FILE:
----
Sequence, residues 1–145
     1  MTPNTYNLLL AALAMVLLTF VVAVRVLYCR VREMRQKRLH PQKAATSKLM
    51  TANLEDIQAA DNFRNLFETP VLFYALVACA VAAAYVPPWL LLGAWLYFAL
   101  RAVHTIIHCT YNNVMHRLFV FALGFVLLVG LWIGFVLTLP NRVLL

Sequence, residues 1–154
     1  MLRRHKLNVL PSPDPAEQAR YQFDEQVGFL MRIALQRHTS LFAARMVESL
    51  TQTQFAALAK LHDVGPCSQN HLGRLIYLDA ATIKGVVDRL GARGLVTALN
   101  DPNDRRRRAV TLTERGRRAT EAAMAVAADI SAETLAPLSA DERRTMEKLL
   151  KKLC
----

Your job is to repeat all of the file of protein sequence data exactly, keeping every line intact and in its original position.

Sequence, residues 1–145
     1  MTPNTYNLLL AALAMVLLTF VVAVRVLYCR VREMRQKRLH PQKAATSKLM
    51  TANLEDIQAA DNFRNLFETP VLFYALVACA VAAAYVPPWL LLGAWLYFAL
   101  RAVHTIIHCT YNNVMHRLFV FALGFVLLVG LWIGFVLTLP NRVLL

Sequence, residues 1–154
     1  MLRRHKLNVL PSPDPAEQAR YQFDEQVGFL MRIALQRHTS LFAARMVESL
    51  TQTQFAALAK LHDVGPCSQN HLGRLIYLDA ATIKGVVDRL GARGLVTALN
   101  DPNDRRRRAV TLTERGRRAT EAAMAVAADI SAETLAPLSA DERRTMEKLL
   151  KKLC